(Cover art courtesy of Thomas Nelson)
QUESTION: “Give us a better understanding of what your inner drive is like and how you got to where you are.”
Taken from A Dream Too Big: The Story of An Improvable Journey from Compton to Oxford by Caylin Louis Moore Copyright © 2020 by Caylin Louis Moore Used by permission of Thomas Nelson. www.ADreamTooBigBook.com.
My mom responded to my father’s terrorism in a similarly unwavering way. She kept moving on. Neither violence nor poverty would quell her desire for a better life for her children. She was determined every day that we focus not on where we were but where we were meant to go. She told us, “We may live in the hood, but that does not mean that the hood has to live in us.”
She taught us both by how she acted and by the words she preached. She reminded me often, “When you give God your absolute best, he will bless it and then give it back to you.” I knew that meant that when you are in agreement with the Lord, the more you put your faith to work in something, the more you confront adversity, the more powerfully God will see you through your storm.
My personal drive was always fueled by hunger. Not for food. There wasn’t enough food to go around and there was nothing I could do about that. But there are other worse hungers. Hunger for love, for safety and security. The worst, though, is to starve for hope. That is the worst kind of hunger. That’s the hunger I could do something about, and it’s the hunger that drives me even now. I feast on hope. It carries me forward. See, any hunger can make you despair, can make you quit. Or it can make you a hunter. I came to realize in the hood that as much as it hurt, I could go without food. But I was damned if I was going without hope. And I mean that literally—without hope, I was doomed. I would always hunt for hope in whatever I did. Like many Christians, my mom saw our situation as an opportunity to rely on God. She never for a minute doubted that God would reward the hunters of hope. That was my drive—the hunger of a hunter for hope. I owed a good part of that to my mom. Not only because she was a shining example of a strong, driven woman but also because at her lowest point, I discovered my own drive and strength.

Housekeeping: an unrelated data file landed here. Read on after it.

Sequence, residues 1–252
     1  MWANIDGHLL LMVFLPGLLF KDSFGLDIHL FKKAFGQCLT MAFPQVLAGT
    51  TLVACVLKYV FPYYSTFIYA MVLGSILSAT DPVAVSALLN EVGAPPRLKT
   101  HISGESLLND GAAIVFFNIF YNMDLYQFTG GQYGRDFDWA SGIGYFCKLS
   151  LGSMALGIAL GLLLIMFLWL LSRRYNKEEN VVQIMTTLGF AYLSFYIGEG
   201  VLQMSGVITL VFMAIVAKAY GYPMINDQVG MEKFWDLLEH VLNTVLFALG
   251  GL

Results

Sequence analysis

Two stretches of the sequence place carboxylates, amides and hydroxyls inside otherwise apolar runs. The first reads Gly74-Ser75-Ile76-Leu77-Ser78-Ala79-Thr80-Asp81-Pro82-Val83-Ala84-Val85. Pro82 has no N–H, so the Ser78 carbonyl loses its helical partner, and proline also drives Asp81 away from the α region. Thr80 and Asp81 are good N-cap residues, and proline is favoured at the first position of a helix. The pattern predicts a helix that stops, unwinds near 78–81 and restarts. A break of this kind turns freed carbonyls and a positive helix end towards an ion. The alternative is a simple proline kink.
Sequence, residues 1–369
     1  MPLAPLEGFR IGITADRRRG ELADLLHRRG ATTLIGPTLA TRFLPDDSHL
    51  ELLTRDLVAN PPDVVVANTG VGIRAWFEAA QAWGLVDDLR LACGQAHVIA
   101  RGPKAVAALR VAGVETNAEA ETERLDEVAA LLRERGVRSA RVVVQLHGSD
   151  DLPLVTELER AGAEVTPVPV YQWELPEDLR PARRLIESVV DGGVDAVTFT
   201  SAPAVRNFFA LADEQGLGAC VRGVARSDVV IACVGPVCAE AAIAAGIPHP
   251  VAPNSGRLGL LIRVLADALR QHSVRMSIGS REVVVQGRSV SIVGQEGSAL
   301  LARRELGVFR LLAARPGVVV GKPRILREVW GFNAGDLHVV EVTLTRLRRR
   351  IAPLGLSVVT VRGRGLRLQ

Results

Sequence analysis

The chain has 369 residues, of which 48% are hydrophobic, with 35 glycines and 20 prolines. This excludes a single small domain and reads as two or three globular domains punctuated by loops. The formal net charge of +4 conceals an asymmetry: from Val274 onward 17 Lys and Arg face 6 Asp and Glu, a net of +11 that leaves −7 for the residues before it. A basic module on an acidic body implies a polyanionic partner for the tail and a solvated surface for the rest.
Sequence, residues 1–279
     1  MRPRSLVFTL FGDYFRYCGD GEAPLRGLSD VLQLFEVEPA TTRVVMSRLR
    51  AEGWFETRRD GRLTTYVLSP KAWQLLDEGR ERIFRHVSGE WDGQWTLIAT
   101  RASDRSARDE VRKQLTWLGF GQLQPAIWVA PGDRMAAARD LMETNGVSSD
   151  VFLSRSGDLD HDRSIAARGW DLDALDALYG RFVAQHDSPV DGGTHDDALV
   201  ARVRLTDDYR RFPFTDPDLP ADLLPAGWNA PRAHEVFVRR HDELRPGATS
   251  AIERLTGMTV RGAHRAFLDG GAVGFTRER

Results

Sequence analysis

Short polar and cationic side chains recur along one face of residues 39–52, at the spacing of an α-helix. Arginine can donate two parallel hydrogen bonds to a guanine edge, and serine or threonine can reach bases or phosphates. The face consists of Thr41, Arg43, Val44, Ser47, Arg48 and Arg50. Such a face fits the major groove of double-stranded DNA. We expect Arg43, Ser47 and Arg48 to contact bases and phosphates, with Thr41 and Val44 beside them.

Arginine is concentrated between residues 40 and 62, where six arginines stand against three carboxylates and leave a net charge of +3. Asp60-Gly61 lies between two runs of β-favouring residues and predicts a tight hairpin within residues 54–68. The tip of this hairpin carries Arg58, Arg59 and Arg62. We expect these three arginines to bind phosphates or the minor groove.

Things changed again when my mom got sick. By that point, we had gotten into a good routine, but her illness changed that. It started with her having less energy, moving slower, and being distracted. She had always made a point of asking us what homework we had and what was due next. From kindergarten on, she had drilled into us that homework equaled success. The more you brought home and the more you completed, the better you would do. She wanted to know everything that happened at school, what we learned each day. And with Mom, it wasn’t just the “what,” but the “who.”
“Who is Angela Davis?”
“Who is Nat Turner?”
“Who is Harriet Tubman? Medgar Evers? Fred Hampton?”
She painted history for us through all the “who’s.” These figures were object lessons too, people who had fought much greater challenges than we faced. She treated everything as an educational opportunity, even movies. The pause and play button of our antiquated TV remote control was rubbed bare. When we watched movies like The Shawshank Redemption, it wasn’t for enjoyment. She would pause the movie what seemed like every five minutes.
“Did you notice the mind-set that Red has in prison? Has he embraced his oppression?”
“What makes Andy Dufresne so different from everyone else in prison?”
“Is Andy Dufresne actually in prison?”
It inspired me that a man could be in prison in his physical body but at the same time be on the beach in Zihuatanejo in his mind. In his mind he could go places that his body could not. My mom taught me that I could do that same thing.
When my mom watched movies, she kept a notepad on hand. When we watched Lakers basketball games, she kept a homemade statistics sheet to keep up with the game and work on her intellectual sharpness. My mom knew education was the secret. It was the key to every door beyond Compton. The key to the greater world, and big rooms where big people did big things. She didn’t tell us—she taught us when we didn’t know something. She took time to explain to each of us how the world worked.
But all of a sudden, she was quiet. The condition that didn’t yet have a name, or even a place, silenced her. She went to bed early, and didn’t stand up as straight or walk as fast. Her sickness created a hole. She was there, but more and more, she wasn’t.
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